Townships Where, Mostly, Everybody Gets Along
Not everybody in Claridon and Hambden townships may approve of their state or federal government. National polling actually suggests that most do not.
But a vast majority of residents are content with their local township trustees, re-electing longtime incumbents.
Overall, those who were elected Nov. 5 say people in their townships get along — and like where they live.
Amongst a crowded five-person field, residents elected Nadine Pope with 934 votes and Ed Kaminski with 697 votes, according to final unofficial results of the Geauga County Board of Elections.
Pope, elected to a fourth term, still enjoys the role.
“I hope I am still making a difference,” she said. “I sure am trying to.”
Hambden has saved money for improvement projects before starting them, putting the township in a good fiscal situation despite state cuts, Pope said.
“We don’t take on debt,” she said. “We do a bunch of road projects at once, which means we get a better price. And we work together.”
Kaminski said “it’s been awhile,” regarding his tenure, which began in 1981.
“I’d like to thank the residents for their continued support and believing in me,” he said.
Kaminski enjoys the job and considers Hambden a “well run, pretty efficient” township that provides “good services to the residents.”
Keeping politics out of township decisions was key, Kaminski said.
“We talk to a lot of the residents and they are supportive,” he said.
Trustees are limited in what they can do, both agreed.
“We can’t create laws or anything like that,” Kaminski said. “But I’d like to make it even better than it is now. Looks like going ahead, we’re going to have to do it with less finances.”
Residents sent Mike Farrell, with 563 votes, and David Brockway, with 427 votes, back into township office with landslide victories, according to the final unofficial results.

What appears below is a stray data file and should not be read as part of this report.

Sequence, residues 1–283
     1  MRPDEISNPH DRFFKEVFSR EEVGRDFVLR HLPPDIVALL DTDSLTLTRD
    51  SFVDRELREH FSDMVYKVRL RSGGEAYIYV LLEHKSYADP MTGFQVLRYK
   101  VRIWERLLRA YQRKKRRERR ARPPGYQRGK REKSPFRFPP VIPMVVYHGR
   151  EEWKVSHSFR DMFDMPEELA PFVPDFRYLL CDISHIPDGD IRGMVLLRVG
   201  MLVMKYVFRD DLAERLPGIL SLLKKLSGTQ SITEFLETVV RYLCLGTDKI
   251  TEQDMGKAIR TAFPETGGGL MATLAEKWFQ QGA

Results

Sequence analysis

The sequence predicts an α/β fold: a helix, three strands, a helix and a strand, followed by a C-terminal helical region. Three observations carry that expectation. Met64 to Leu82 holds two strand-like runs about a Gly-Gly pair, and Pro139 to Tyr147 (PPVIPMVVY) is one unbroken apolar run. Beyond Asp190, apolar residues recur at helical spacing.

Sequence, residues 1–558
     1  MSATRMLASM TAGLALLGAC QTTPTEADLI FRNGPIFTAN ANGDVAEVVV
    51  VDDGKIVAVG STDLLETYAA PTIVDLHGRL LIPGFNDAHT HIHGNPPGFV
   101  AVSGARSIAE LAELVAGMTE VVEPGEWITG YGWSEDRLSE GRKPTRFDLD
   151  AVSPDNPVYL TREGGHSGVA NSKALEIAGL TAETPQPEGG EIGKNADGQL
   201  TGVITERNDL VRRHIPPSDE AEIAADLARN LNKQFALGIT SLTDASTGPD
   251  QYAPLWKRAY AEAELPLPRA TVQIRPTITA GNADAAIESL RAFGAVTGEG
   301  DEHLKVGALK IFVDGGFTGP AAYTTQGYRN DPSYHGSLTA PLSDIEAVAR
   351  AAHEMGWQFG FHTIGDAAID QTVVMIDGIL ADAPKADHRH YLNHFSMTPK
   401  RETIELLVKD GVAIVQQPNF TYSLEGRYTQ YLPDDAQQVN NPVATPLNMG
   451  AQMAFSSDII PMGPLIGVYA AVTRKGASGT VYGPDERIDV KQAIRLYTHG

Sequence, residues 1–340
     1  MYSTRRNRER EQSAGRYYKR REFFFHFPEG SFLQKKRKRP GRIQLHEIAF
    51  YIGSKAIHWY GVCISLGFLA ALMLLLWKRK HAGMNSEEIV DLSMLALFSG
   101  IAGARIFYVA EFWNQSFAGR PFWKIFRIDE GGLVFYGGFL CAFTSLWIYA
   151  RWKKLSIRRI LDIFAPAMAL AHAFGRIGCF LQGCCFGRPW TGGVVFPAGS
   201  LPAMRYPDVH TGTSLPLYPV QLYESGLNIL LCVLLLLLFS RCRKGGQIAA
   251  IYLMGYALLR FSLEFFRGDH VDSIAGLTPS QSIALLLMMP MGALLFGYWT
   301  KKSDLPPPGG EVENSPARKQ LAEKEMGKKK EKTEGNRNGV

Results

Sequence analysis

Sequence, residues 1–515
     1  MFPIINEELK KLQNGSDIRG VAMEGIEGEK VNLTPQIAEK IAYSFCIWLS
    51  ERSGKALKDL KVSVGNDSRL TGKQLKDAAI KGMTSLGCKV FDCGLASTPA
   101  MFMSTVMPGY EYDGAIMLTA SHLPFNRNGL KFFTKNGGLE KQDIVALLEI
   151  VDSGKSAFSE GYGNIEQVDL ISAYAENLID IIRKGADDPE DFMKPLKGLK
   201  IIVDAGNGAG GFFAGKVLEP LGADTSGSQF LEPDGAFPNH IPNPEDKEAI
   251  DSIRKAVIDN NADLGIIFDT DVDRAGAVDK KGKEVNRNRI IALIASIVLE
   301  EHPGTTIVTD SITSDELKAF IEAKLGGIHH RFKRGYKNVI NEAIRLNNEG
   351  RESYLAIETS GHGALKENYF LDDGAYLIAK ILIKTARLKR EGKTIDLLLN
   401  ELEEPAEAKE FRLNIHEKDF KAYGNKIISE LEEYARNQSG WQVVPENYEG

Farrell will begin his third term and told people during the campaign, door to door, he feels a duty to serve the people of the township.
“It’s a mission,” Farrell said.
He said the majority of residents’ concerns deal with the state and federal governments. For the trustees, it’s about maintaining roads.
As a county highway worker, he puts an emphasis on roads and workers’ safety.
“Keeping your guys safe out there, calling before you dig, that kind of basic non-flattering stuff, that’s the job of a trustee,” he said.
Farrell also wants to work with other townships and watch the budget closely, he said.
“You have to look outside the box and keep working in that direction because it’s getting tighter, keeping local townships solvent,” he said.
Farrell and Brockway said the Claridon cemetery needed some maintenance, like water, and also needed expanded for future tenants.
“We’ve got paving projects next year,” said Brockway, who grew up in Claridon. “(We need) extensive repavement of some roads. We’re trying to upgrade our playground at the park and we need to expand the cemetery. Maybe not next year, but soon.
“That will keep us pretty busy.”
Brockway said the township has been running smoothly.
“It was a little rough there for a while, but things are going really good now,” he said.
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